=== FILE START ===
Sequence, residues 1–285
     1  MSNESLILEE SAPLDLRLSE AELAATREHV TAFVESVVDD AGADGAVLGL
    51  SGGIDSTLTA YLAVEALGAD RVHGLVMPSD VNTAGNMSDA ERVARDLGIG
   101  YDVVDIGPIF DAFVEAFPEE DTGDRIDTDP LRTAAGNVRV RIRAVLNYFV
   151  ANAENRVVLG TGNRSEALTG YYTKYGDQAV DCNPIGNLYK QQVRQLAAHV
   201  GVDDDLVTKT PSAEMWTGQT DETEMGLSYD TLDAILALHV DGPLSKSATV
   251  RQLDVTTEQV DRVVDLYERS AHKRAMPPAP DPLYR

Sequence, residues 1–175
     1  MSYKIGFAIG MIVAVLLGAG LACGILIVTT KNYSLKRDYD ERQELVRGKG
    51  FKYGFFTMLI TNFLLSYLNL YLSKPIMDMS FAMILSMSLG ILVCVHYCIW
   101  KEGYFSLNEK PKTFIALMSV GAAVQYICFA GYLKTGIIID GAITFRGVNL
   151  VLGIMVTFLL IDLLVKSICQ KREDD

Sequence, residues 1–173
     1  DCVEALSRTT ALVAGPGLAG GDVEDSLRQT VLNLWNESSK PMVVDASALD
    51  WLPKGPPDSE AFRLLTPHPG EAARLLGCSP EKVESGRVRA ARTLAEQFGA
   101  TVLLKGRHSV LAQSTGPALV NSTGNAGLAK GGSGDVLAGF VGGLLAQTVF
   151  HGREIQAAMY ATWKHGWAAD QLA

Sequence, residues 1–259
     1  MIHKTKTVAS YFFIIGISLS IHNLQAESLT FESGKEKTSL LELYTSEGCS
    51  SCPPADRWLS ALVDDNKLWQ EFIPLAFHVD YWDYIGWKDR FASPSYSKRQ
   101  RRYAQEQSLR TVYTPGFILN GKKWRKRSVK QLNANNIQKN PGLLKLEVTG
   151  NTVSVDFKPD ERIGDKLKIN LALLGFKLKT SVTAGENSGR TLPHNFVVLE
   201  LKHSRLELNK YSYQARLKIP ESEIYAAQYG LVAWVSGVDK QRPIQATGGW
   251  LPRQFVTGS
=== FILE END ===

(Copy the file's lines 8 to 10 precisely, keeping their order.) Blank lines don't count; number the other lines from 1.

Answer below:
Sequence, residues 1–175
     1  MSYKIGFAIG MIVAVLLGAG LACGILIVTT KNYSLKRDYD ERQELVRGKG
    51  FKYGFFTMLI TNFLLSYLNL YLSKPIMDMS FAMILSMSLG ILVCVHYCIW